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Have you ever heard an electric car driving down the street? Chances are you haven’t. And that’s the problem. They’re just too darn quiet. The National Highway Traffic Safety Administration (NHTSA) has determined these vehicles to be too quiet, and therefore a hazard to pedestrians. The theory is, if you are walking down the street, and you step off of the sidewalk to cross the road, you won’t hear this thing coming, because they are so super quiet. While we agree these electric and hybrid vehicles are too quiet, we question why pedestrians can’t use their eyes before crossing the road.
The NHTSA wants these vehicles to meet minimum sound standards so that pedestrians can hear them approaching on them. Of particular concern is the visually impaired pedestrians. Many hybrids do utilize carbon burning fuel powered engines at least some of the time, but when they are running on electric only, the same concerns apply.
Lawmakers and regulators are mainly concerned about noise at low speeds. Their concern is for when the automobiles are traveling at low speeds, perhaps 20 MPH or less. The thought is that on busy city streets is where most pedestrian vs car accidents occur. You typically don’t see pedestrians get hit by autos on major highways. Plus, these vehicle begin to make sufficient noise at higher speeds.
If a pedestrian can sense the presence of an auto, they will be better able to detect, and avoid them. Just how these sounds would be produced, and what kind of sound has yet to be determined. But we suspect auto manufacturers will come up with some innovative ideas.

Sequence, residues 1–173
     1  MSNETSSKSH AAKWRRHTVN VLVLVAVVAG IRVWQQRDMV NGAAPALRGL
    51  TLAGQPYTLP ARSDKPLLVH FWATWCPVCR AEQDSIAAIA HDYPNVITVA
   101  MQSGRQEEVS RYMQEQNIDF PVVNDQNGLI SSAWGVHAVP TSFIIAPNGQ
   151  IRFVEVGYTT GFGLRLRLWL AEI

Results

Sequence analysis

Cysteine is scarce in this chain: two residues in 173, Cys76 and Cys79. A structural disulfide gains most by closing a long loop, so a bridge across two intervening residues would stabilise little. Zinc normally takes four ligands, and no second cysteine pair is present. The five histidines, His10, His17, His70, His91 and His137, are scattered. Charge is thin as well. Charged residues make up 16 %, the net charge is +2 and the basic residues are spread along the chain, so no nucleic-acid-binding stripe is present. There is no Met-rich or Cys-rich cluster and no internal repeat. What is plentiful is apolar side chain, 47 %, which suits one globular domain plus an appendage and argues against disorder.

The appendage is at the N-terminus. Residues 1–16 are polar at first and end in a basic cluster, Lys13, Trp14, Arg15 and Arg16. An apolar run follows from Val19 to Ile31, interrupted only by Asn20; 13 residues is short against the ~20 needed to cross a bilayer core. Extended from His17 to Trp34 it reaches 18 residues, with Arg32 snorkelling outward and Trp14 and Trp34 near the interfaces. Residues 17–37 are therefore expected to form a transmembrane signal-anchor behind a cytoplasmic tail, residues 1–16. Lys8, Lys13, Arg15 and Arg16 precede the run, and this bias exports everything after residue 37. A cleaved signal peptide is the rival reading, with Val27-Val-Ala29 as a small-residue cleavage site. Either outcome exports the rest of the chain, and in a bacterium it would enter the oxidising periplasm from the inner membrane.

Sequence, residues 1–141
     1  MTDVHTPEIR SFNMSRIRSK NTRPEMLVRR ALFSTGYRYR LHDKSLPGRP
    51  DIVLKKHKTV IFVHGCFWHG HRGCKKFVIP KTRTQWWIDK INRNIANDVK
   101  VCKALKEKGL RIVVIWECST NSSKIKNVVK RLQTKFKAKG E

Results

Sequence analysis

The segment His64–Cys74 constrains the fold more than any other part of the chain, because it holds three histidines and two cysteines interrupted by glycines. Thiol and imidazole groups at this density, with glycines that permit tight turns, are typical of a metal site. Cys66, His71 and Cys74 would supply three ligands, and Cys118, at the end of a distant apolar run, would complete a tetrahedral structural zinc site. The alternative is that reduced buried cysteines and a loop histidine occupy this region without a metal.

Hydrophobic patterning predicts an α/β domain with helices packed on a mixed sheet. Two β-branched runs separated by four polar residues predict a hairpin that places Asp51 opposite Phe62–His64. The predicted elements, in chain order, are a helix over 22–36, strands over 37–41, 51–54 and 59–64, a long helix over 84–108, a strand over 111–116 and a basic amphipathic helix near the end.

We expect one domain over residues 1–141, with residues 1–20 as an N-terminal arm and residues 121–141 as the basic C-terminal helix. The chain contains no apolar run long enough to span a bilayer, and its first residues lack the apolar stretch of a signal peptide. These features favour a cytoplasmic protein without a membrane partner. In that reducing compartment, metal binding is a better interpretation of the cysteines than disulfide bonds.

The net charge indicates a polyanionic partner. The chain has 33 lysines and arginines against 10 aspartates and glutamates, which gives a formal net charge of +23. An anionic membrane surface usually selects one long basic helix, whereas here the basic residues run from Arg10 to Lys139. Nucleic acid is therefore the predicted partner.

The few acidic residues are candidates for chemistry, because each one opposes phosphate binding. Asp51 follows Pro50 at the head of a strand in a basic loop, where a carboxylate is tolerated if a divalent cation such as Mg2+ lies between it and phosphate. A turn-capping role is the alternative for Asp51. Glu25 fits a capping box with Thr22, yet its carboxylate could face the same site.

Personally, we would love to hear a car make the roar of a lion. That would be cool. How ’bout you? What kind of noise would you like to hear a car make?
Conventional wisdom states that one of the main reasons US automakers fell into financial peril over the past decade is because they were behind the times. They don’t offer what the people want. They don’t offer any smaller vehicles. No hybrids, no eco – friendly automobiles. No low gas consumption cars.
Well, if the current car show in Detroit is any gauge, they got the message. Most of the vehicles they are spotlighting are the smaller, modern, high mileage and environmentally friendly cars. The Chevy Volt just won car of the year at the Detroit Auto Show.
They’ve gone out of their way to come up with automobiles that comply with the increasing CAFE standards that require cars to meet higher fuel efficiency standards. After fuel prices went up dramatically in 2008 due to higher oil prices, industry experts predicted there would be a seismic shift in Americans driving habits. Forecasts were for everyone to sell their SUV and Trucks and to finally make the move to hybrid and fuel efficient cars.
While there has been a trickle of people sticking their toes in the water, most American consumers appear to be set in their ways. They just don’t seem to be ready yet to forsake the spaciousness of their roomy SUV’s and trucks. And who can blame them? You certainly can’t get your family around comfortably in a compact car.
And what about getting in an accident? If you are unfortunate enough to get in an accident with one of those compact cars, you are not only much more likely to spend more when the car is up on the Auto Lift due to damage, but you are also much more likely to get injured.
As we pointed out in a previous post, sales of trucks and SUV’s were up 30% in the USA in 2010, while hybrid sales were down. Industry analysts do predict rising fuel costs for 2011, so it remains to be seen at what point the American driver will reach his breaking point when it comes to fuel efficient cars.
If there is a dramatic increase in gasoline prices, Detroit is much better positioned than in years past to handle it due to it’s wider range of offerings in the small car and alternative fuel categories.